Animal Sports Testing
The control of drug use in international sport is undertaken by WADA (The World Anti-Doping Agency). This is reflected in the World Anti-Doping Code 2005, Article 16 - Doping Control for Animals Competing in Sport: "In any sport that includes animals in competition the National Federation for that sport shall establish and implement anti-doping rules for the animals included in that sport". This specifies the requirement of drug screening in all animal sports.
With a large analysis base for pre-competition, post-competition and out-of-competition racehorse screening, methodology is in place for the comprehensive screening of plasma and urine (equine and other animals) for drug substances. This is offered to clients at a low analysis price and a short analysis time. This screen is important for specimens that require comprehensive screening to comply with the requirements for international horse and dog racing (Association of Official Racing Chemists) and racing federations such as the Federation Equestrian Internationale (FEI) and the International Federation for Horseracing Authorities.
A less comprehensive plasma (blood) screen for drugs of most importance for other equine disciplines (e.g. dressage, show jumping, show and endurance) and relating to horse soundness is also offered. Due to the popularity of this screen there is a low analysis price and fast turnaround time.
Methodology is currently being developed for the screening of especially the natural steroids testosterone, nandrolone, boldenone, hydroxyprogesterone and estradiol in the ester form. Such screening is an important measure to prove that high natural steroid concentrations in an animal are not due to natural processes but due to the exogenous administration of commercial ester preparations.
The screening of race pigeons’ faeces for performance enhancing drugs is a protocol which was developed with the SA National Pigeon Organisation (SANPO). The Laboratory and SANPO can assist other pigeon controlling bodies in establishing and conducting prohibited substance control within pigeon racing. Pigeon faeces screening is conducted for selected pigeon clubs in the United Kingdom.
Other analyses are available on request and will be customised to the requirements of the client. Such screening could be for single drugs/veterinary compounds or a comprehensive list of compounds.
Full Screening on Equine Specimens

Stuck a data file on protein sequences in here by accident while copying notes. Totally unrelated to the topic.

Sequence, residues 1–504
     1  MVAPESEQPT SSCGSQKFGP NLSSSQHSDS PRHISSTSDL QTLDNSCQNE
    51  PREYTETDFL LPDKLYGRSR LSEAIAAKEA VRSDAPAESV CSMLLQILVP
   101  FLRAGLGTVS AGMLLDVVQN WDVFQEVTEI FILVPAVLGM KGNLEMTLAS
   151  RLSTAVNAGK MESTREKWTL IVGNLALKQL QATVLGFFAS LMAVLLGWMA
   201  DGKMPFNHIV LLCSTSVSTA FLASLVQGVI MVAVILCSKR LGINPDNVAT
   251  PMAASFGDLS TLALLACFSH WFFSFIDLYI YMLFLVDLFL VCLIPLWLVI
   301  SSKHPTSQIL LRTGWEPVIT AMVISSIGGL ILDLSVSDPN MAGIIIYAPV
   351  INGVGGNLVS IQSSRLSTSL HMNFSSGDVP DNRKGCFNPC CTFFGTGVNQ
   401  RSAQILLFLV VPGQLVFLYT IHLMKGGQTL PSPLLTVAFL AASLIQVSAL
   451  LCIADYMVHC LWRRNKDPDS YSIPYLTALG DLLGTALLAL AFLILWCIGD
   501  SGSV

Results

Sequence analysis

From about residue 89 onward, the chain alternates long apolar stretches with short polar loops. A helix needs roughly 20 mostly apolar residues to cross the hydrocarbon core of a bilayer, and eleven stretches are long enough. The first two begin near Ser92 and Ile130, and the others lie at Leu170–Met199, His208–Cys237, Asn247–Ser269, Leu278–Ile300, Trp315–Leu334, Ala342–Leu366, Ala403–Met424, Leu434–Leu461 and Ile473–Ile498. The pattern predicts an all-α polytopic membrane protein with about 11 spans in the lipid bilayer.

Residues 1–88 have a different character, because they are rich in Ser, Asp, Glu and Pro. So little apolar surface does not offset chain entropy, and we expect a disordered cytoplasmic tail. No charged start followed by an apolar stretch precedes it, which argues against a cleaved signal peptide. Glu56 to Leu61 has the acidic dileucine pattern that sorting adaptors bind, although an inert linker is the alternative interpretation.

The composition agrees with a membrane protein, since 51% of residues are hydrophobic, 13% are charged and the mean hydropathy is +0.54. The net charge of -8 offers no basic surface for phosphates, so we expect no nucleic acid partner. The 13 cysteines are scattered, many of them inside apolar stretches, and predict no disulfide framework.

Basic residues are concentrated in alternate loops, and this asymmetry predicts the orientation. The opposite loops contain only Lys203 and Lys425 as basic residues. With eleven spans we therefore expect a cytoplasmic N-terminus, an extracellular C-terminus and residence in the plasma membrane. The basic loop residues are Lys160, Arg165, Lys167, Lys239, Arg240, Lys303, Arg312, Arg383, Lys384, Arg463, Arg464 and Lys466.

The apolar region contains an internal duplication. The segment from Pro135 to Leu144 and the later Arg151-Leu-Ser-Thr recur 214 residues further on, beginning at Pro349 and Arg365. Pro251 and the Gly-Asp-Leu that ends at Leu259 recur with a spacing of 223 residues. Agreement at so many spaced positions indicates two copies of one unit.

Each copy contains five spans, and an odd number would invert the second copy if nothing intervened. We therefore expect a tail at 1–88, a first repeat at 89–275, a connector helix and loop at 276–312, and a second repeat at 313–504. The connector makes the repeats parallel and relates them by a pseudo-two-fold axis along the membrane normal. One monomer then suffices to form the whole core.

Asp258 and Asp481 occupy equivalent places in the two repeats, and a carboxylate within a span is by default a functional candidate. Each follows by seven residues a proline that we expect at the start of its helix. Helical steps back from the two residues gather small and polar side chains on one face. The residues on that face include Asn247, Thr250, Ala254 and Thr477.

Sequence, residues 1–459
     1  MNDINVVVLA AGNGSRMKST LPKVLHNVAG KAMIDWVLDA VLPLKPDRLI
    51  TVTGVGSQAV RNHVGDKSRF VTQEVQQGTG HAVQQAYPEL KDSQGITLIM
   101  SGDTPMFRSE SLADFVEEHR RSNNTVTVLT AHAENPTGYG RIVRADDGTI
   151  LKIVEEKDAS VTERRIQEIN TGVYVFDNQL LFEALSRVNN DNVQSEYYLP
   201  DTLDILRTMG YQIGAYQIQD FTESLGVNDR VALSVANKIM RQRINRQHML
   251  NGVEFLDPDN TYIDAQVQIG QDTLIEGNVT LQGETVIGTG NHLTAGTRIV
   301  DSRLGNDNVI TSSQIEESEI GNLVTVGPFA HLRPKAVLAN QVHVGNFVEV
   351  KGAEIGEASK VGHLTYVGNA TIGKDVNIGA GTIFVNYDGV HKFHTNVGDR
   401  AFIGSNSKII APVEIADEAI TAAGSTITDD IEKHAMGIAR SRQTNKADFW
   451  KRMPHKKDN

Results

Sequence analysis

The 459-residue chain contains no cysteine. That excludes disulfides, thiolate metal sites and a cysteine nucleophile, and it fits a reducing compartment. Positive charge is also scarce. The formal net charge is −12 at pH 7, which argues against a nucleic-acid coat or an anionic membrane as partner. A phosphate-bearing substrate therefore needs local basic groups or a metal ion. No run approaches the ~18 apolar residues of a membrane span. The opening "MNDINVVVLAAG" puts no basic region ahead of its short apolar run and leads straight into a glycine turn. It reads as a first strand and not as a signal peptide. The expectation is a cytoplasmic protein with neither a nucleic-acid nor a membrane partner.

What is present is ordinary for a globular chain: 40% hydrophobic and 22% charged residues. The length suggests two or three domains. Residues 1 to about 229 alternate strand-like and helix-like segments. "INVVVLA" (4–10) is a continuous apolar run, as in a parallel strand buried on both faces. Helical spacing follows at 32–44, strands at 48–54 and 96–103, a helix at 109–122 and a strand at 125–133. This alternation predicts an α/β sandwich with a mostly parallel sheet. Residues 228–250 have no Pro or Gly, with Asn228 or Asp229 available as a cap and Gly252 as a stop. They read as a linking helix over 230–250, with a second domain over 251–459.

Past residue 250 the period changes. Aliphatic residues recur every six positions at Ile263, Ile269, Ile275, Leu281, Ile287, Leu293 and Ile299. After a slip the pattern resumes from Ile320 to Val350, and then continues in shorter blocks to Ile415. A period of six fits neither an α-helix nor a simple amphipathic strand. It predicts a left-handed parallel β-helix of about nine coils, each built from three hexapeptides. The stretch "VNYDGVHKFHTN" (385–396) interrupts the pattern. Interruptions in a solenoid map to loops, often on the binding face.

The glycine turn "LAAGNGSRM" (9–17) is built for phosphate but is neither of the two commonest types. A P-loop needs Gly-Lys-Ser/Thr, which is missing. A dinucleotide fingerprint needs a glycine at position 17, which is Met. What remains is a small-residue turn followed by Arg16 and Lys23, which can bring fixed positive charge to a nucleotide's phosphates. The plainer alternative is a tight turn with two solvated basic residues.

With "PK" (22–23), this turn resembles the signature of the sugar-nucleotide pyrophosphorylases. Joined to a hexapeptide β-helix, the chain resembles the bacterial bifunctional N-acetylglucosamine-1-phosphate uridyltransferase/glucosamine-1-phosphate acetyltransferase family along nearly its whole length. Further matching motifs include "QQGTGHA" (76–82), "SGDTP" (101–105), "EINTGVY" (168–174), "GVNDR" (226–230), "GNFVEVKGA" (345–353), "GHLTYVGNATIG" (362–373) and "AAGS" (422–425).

This screen is a full screen covering all prohibited substances in horseracing.The following drug classes are or can be screened for at the Laboratory as part of horseracing and animal sports contract analysis:
- Anabolic steroids (injectable and oral)
- Corticosteroids (injectable and nebulised)
- Dimethylsulfoxide (DMSO)
- Local anaesthetics
- Muscle relaxants
- Non-steroidal anti-inflammatory drugs (NSAID's)
- Protein hormones (such as Growth Hormone (GH) and Erythropoietin (EPO))
and other less prominent drug classes.
Customised Screening on Equine Specimens
This screen is a more cost-effective substitute and is selective for the prohibited drugs in horses as listed below. Since these drugs are of most concern and the most abused in many of the horse disciplines outside racing this is an effective drug screening at a more affordable price than full screening. This testing service is targeted in determining the drugs which can affect the outcome of physical soundness assessments as well as influence performance during eventing/competition. Additional to the local animal drugs, screening also includes human preparations and a wide variety of drugs not locally available.
- Non-steroidal anti-inflammatory drugs (NSAID’s) (such as phenylbutazone and flunixin)
- Local Anaesthetic drugs
- Analgesics (these include the sedative analgesics and narcotic analgesics)
- Tranquiliser drugs (such as promazines, barbiturates, benzodiazepines (sedative hypnotics) and others)
- Growth promoters (these are anabolic substances of similar concern than anabolic steroids)
- Other compounds (such as markers of cannabis use)
Race Pigeon Faeces analysis
It is clear from the personal and financial gains within pigeon racing that the sport is highly vulnerable to exploitation. The use of prohibited substances is an issue which presents itself in this regard, and there is evidence that such practices occur worldwide. This damages the integrity, image and value of sport, and contravenes the fundamental principles of sportsmanship and fair competition.